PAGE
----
Worked in Stone

Early Medieval Sculpture in its International Context
Saturday 11th Sept to Wednesday 15th Sept 2021
Durham University, UK

Early medieval stone sculptures that survive across Europe at the wayside, in architectural settings, in churches and graveyards, are an exceptional source for understanding the aesthetics and beliefs of early medieval communities. Standing crosses, inscribed stones, rune stones and grave markers are some of the highly varied forms that exist, spanning Christian and non-Christian societies. These reveal artistic styles, external connections and influences, technological abilities, literacy and commemorative practices. They provide a catalyst for exploring the identity, tastes and ideas of early medieval populations in a time when political connections and religious affiliations were variable and far-reaching.

Celebrating the Corpus of Anglo-Saxon Stone Sculpture, this conference will offer an in-depth comparative investigation of the development and deployment of sculptural work in stone as a European-wide phenomenon, situating these monuments and their production within their local, regional, national and international contexts. Speakers will bridge divides separating northern, southern and eastern European scholarship, and address the interdisciplinary interfaces between archaeology, history and art history, discussing traditions of stone sculpture production and context and providing comparative and contextual dialogue on prehistoric and Classical/late antique traditions. Our aim is to develop novel and significant understandings of the arrival of monumental work in stone in early medieval societies in terms of purpose, influences, connections and meaning.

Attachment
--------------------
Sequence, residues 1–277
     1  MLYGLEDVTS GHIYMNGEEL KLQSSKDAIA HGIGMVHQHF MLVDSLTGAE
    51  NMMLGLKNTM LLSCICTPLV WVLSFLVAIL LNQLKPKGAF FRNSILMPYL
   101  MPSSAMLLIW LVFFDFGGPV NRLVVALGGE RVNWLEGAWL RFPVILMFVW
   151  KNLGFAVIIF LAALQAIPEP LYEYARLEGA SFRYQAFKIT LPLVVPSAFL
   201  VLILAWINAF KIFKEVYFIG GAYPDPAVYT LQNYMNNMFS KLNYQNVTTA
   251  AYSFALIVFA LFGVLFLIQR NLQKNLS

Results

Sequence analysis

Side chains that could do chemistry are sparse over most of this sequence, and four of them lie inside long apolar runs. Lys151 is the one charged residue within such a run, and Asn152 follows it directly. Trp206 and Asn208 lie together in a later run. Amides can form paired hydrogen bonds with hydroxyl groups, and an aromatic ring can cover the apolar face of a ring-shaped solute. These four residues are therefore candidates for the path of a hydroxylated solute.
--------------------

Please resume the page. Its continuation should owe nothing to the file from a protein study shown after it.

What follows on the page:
Confirmed speakers include:

Jane Hawkes; Martin Carver; John Blair; Sally Foster; Nancy Edwards; Jane Geddes; David Stocker; Paul Everson; David Petts; Catherine Karkov; Francesca Dell Aqua; Lilla Kopár and Meggen Gondek.

Proposals are invited for papers and poster presentations that take a comparative perspective and fit the five key conference themes:

* Imagery, iconography and symbolism
* Memory, commemoration and inscription
* Technologies of production
* Visual narratives
* Sculpture, place and space.

Paper and poster proposals are especially welcome from early career researchers as well as established scholars. Conference papers are 25 minutes max. Poster presentations will be a single A1 poster that summarises a current research project, to be displayed during the conference. Presenters will be available during the conference reception to discuss their project.

To submit a proposal for a paper OR a poster presentation, please submit a title and a 150 word abstract by 30th June 2020 to workedinstone.conference@durham.ac.uk


Supported by: